Therefore if a separate element, which doesn’t play a key role in text organization, is lost in translation, it may be of no importance for the text as a whole because this element is dissolved in the general context or substituted by other elements, which sometimes do not exist in the source text. • The education of Mr. Jonas had been conducted on the strictest principles of the main chance. The very first word he learned to spell was gain, and the second (when he got into two syllables), money. [Ch.Dickens. Life and adventures of Martin Chuzzlewit].

Виховання пана Джонаса було саме суворе та із народження мало на увазі передусім користь. Перше слово, яке він навчився складати, було “гроші”, а друге (коли він дійшов до трискладових слів) – “нажива”. In the original Ch. Dickens writes not about the strictness of education as such but about “the strictest principles of the main chance”. i.e. about “чіткі приниипи не втратити свій шанс”ої “чіткі приншти отримати наживи”.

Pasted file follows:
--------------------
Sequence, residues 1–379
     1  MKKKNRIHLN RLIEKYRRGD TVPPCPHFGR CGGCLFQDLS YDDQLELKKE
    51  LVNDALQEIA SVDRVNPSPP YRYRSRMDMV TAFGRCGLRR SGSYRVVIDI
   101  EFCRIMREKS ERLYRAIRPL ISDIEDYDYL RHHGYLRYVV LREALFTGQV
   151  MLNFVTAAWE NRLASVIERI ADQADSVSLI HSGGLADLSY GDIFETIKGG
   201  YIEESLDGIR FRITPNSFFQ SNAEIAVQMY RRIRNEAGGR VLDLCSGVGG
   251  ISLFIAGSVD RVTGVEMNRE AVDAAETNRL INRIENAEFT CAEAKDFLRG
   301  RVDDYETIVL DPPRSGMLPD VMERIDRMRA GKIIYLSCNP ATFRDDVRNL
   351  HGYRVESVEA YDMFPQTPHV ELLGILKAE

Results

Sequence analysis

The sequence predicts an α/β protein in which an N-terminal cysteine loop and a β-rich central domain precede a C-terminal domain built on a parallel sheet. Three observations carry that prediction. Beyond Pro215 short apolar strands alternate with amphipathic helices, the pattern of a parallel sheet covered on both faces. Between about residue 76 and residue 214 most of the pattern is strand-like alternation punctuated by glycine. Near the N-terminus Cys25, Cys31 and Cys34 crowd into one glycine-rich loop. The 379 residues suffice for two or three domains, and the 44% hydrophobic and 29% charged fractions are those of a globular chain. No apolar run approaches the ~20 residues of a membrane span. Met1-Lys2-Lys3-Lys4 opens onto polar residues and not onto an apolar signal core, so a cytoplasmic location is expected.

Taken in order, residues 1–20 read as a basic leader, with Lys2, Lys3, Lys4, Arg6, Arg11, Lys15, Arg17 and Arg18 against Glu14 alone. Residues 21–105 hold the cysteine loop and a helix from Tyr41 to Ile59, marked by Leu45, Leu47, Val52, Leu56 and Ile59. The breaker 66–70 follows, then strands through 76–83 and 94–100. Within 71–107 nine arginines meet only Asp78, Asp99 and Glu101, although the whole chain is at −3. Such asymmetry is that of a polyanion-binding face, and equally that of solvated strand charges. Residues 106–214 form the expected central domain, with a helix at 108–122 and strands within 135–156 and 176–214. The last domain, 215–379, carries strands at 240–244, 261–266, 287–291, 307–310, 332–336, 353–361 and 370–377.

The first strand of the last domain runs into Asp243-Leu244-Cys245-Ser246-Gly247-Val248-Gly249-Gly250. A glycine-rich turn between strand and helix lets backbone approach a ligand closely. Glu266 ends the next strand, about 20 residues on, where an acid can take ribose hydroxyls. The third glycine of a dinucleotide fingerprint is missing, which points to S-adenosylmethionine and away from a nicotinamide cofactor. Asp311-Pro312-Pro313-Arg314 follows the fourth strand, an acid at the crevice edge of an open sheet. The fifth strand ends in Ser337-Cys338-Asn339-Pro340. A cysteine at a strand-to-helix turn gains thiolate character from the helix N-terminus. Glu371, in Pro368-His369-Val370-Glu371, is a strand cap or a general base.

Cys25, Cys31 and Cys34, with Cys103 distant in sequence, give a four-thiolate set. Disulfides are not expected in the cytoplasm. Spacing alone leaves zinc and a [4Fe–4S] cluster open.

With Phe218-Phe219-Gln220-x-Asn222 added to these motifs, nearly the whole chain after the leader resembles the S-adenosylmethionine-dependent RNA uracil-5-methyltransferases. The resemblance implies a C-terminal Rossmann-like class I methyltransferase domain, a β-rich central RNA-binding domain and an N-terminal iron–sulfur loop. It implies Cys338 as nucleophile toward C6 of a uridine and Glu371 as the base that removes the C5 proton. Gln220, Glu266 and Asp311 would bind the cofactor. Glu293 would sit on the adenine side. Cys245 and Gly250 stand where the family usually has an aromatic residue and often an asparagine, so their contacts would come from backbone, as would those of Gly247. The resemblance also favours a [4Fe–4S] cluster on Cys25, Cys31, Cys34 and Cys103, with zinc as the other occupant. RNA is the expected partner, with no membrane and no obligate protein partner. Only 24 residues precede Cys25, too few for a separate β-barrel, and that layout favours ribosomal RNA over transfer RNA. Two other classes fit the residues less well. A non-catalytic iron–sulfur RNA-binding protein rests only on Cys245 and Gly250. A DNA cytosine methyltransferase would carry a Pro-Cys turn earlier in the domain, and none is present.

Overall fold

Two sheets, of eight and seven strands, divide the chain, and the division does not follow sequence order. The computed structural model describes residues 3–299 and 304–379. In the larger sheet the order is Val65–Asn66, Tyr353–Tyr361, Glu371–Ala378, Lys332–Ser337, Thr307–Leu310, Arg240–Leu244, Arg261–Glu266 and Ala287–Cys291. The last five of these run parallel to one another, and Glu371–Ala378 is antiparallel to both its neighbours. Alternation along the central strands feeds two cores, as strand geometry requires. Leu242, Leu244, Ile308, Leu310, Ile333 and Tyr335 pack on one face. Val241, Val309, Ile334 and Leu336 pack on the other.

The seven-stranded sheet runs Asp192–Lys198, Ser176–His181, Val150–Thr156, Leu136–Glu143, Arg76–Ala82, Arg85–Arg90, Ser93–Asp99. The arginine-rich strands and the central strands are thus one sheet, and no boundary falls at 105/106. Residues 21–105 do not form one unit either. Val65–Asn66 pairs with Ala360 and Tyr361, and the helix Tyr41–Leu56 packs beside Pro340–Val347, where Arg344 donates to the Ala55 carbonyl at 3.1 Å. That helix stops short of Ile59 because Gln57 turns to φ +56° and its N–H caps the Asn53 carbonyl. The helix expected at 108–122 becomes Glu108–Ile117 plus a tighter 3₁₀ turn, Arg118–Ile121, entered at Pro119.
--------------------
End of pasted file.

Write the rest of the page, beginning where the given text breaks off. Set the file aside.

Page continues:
Unfortunately this hypocritical idiomaticity has not been rendered in translation. However, the translator tries to compensate for this loss by increasing the level of irony further on in translation. Translation of the words gain and money also illustrates the technique of compensation: in the source text the first word Jonas learned to spell is gain and the second -money. In the, Ukrainian translation гроші appears to be the first and нажива – the second due to the different number of syllables in the target language. Correspondingly the translator substitutes the phrase when he got into two syllables by коли він дійшов до трискладових слів.

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Learning Translation Transformation in Language. (2016, Sep 18). Retrieved from https://studymoose.com/learning-translation-transformation-in-language-essay

Learning Translation Transformation in Language